ECNs and Nasdaq slug it out
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ECNs and Nasdaq slug it out

The five-year battle between Nasdaq and ECNs is heating up. Nasdaq launches SuperMontage in July, a worthy rival to the ECNs’ trading systems that could win back dealflow. Meanwhile ECNs are depriving Nasdaq of crucial revenue. Is this the start of the trading endgame?

One of the main information pages on Nasdaq's market data website gives rise to a bit of a shock. After several years of building market share in handling buy and sell orders in Nasdaq stocks, Island's slice of the pie appears suddenly to have all but disappeared.

Its share of trade volume had breached 20% by September last year and stayed there until February when it dropped to 17.6%. By March, though, Island accounted for just 3.3% of Nasdaq trades, and by April this was down to 2.8%. Its proportion of dollar and share volume suffered similar falls.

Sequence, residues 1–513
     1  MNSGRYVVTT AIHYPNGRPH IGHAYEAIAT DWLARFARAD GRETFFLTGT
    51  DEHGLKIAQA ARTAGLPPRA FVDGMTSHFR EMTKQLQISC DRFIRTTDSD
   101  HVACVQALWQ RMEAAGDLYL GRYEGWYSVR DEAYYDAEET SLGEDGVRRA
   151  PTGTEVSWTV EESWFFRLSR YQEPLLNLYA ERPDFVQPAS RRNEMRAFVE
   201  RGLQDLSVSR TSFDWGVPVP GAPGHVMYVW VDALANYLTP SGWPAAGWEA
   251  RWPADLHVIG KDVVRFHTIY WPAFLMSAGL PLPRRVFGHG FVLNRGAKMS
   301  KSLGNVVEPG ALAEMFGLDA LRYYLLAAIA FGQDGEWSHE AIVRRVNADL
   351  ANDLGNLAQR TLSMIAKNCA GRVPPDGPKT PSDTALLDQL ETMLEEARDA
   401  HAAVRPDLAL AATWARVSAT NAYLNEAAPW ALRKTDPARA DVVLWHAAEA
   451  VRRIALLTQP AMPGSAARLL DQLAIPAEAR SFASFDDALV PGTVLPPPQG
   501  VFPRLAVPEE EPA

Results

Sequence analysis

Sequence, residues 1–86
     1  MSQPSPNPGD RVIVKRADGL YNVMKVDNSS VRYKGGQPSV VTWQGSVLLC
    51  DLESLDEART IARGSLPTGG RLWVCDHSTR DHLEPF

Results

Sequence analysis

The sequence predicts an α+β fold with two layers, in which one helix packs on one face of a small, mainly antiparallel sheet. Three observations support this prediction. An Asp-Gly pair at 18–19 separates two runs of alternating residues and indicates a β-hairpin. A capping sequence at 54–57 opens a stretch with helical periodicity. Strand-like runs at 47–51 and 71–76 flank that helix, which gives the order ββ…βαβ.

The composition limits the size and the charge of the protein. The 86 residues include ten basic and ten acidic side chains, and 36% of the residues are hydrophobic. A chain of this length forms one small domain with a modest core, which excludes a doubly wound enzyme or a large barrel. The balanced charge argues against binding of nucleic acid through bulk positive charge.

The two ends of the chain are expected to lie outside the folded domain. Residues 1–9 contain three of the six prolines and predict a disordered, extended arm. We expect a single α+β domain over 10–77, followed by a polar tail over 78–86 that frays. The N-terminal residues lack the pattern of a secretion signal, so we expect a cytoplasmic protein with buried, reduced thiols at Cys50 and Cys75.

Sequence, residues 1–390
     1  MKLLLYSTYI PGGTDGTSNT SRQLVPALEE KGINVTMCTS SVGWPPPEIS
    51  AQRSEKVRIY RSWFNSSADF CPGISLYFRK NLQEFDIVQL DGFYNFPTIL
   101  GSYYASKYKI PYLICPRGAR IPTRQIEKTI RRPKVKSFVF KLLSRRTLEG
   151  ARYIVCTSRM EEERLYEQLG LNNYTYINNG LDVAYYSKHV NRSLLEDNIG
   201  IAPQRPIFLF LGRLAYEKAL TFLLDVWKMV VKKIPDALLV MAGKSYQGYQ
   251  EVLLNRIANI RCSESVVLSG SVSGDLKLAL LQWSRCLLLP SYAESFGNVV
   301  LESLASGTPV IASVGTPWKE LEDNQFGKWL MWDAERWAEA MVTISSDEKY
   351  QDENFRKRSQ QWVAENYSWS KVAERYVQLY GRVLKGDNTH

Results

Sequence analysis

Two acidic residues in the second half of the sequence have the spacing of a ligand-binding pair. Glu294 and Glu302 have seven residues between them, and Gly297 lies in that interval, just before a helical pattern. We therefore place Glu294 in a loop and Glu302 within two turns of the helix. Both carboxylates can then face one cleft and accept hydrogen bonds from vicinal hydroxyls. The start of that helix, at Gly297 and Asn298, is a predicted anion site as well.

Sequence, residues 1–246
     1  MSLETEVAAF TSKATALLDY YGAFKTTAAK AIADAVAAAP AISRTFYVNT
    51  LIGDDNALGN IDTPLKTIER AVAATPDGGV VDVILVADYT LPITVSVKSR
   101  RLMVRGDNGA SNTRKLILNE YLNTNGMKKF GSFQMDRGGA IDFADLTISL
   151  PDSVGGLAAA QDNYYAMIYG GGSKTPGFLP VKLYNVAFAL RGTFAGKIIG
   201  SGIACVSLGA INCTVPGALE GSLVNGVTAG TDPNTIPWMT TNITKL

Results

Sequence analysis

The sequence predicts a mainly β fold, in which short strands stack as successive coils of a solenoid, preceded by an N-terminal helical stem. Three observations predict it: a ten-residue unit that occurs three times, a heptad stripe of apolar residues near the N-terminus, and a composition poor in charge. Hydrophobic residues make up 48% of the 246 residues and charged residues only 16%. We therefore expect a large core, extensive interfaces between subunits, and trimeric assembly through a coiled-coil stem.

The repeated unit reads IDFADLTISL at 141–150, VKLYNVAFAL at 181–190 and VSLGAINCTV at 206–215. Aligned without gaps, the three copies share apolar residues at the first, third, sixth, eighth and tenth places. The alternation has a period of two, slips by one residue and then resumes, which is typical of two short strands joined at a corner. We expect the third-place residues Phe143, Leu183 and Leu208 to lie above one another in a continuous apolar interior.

On the face of it, this looks like a disaster for a firm that had been the fastest-growing electronic communication network (ECN) in trading Nasdaq stocks. Perhaps its core customer base - retail investors - has dried up? Perhaps it's had a technological catastrophe, or is under investigation for some alleged crime - after all, who isn't? It would certainly offer one explanation why there are renewed rumours about Island being bought by rival Instinet.

There's a much more simple explanation: starting in February, Island started to report most of its trades on the Cincinnati Stock Exchange, an all-electronic regional exchange based in Chicago.

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